An Indie Film Dials L for Love
In today’s modern world, it was only a matter of time until a filmmaker told a love story that takes place primarily on cell phones. But no one expected it to be as good as 25-year-old Kyle Patrick Alvarez’ Easier With Practice, which many critics are hailing as the independent film to beat in 2010. The drama follows a lonely fiction writer named Davy Mitchell ( The Hurt Locker’s baby-faced Brian Geraghty), who while on a road-tripping book tour with his brother receives a phone call from a mysterious woman who calls herself Nicole, and believing initially that it is a prank, he goes along with it. But she keeps calling, and Davy and Nicole start to become intimately intertwined over the phone, forming a kind of deep bond that Davy could never find in his daily life. It’s melancholy, sweet, and true, and the critics have responded in turn. Kevin Thomas of the Los Angeles Times says that the film “reveals the sense of loneliness and isolation that permeates modern life and the lure of fantasy in filling its emptiness.” Indeed, it may just be a small indie, but the film carries a big message: You’re never alone if you can get to a phone.
Peter Gabriel’s Musical Back Scratching
This week, Peter Gabriel’s latest album, Scratch My Back comes out on Virgin Records, and it has a twist. The new record was not written by Gabriel, but rather by other popular groups and artists, including Bon Iver, Radiohead, Paul Simon, Arcade Fire, and the Magnetic Fields. It is essentially a covers album—and a stellar one at that—but it is part of a bigger project: Gabriel has opened his entire catalog to the groups he covered, encouraging them to make covers for part two of the series, aptly entitled, I’ll Scratch Yours. We can’t wait to see who gets “Sledgehammer.” As for the covers record, it’s quiet and pensive, but worth the long wait. As Ann Powers of the L.A. Times writes, “By turning these songs into Shakespearean soliloquies, he argues for their complexity and depth, their right to be considered as art songs.”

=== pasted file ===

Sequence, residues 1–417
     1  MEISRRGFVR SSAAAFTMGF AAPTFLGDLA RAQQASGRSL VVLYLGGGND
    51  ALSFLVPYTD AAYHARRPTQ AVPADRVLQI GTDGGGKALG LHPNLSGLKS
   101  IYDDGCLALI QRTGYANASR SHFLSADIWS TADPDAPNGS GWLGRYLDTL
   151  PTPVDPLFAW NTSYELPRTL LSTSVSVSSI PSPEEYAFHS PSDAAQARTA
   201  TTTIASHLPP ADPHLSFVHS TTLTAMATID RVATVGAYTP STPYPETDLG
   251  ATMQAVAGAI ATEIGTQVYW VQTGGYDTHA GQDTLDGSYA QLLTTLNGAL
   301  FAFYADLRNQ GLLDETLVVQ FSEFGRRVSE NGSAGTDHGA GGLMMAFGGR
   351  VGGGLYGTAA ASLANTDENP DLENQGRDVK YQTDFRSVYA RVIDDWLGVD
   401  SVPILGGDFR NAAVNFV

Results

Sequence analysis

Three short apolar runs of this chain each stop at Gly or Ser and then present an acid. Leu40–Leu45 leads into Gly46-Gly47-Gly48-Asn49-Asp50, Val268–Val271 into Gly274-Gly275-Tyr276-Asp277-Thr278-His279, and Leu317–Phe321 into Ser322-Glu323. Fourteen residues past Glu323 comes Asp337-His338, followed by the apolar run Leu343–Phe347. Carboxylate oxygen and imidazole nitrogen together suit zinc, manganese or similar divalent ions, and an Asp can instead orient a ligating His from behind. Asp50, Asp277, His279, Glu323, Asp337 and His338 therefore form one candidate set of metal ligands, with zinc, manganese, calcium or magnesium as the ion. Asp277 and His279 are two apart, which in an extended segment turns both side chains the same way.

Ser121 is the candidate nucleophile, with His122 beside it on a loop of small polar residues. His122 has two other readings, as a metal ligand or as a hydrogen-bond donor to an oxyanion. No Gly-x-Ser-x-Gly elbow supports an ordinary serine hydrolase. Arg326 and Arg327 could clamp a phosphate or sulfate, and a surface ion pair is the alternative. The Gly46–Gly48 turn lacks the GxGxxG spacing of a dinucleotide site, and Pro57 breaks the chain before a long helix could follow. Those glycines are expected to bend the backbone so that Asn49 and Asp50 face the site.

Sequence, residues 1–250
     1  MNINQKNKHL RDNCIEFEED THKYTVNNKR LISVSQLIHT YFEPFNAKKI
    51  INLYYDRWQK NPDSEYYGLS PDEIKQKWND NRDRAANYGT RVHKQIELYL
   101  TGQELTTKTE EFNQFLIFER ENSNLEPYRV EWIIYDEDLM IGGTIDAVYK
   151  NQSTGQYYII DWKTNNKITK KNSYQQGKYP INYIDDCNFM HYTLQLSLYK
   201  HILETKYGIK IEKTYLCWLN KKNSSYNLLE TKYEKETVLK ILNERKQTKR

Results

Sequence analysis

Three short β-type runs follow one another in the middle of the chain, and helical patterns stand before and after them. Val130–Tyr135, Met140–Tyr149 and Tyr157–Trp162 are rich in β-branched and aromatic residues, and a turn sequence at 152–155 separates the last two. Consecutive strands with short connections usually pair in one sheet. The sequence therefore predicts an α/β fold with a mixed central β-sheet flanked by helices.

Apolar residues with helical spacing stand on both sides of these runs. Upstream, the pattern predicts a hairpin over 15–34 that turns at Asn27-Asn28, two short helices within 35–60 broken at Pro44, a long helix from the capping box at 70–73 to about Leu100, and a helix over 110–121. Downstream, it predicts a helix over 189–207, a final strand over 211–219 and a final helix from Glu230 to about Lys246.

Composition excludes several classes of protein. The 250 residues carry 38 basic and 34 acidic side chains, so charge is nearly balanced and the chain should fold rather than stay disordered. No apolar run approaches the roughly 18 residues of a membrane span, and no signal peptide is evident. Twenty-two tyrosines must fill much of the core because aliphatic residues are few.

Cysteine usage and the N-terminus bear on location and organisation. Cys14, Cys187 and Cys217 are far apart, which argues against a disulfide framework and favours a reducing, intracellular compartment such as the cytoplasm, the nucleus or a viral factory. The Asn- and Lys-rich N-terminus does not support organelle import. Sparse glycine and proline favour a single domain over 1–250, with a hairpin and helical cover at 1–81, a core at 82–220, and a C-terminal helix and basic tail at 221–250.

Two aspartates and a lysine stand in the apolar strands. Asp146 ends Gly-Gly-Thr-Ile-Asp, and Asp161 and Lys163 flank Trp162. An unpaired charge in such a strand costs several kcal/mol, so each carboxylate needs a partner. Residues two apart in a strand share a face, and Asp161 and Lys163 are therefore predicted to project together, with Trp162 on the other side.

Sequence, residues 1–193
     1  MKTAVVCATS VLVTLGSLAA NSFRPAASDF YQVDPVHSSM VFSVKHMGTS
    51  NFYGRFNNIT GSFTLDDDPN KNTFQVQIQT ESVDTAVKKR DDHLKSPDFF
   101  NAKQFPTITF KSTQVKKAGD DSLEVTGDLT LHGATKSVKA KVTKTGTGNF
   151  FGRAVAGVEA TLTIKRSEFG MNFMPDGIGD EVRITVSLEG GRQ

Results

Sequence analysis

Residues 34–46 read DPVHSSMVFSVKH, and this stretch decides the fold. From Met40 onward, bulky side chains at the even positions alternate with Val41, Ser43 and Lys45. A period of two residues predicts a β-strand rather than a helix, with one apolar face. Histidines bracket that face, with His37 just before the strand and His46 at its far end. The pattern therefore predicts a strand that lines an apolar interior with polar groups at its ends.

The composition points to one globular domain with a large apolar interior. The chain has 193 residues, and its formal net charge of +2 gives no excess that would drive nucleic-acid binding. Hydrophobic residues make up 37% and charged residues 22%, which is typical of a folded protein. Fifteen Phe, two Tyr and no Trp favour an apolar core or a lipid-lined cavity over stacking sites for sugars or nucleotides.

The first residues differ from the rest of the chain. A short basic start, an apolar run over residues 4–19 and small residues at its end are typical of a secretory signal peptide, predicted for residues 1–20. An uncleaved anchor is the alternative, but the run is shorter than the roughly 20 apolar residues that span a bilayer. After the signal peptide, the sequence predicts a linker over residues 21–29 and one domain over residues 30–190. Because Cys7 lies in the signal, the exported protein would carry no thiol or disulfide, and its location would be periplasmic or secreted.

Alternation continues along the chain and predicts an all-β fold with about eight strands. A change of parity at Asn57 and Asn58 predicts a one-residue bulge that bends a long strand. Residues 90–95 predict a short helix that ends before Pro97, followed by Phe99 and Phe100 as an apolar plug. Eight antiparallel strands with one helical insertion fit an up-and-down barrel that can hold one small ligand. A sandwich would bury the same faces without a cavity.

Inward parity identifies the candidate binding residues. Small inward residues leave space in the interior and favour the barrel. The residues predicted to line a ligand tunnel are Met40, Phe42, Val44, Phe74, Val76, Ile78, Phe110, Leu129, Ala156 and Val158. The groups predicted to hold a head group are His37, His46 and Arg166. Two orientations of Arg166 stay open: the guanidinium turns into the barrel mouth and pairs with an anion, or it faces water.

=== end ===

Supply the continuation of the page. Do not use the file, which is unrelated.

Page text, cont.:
Art and Armories
It’s a world-class weekend to see art in New York. The 2010 Armory Show runs through Sunday in Manhattan. The show is still America’s most important art fair (or at least it shares the title with Art Basel Miami), exhibiting works of the 20th and 21st century from the world’s top gallerists. If you want to be in the white-hot center of the art world for just one day, this is the place to do it. General Admission is $30, and you can pre-purchase tickets online. Further uptown, is another major art show in an actual armory. The Art Show, organized by the Art Dealer’s Association of America, featuring 70 national galleries, and also runs through Sunday.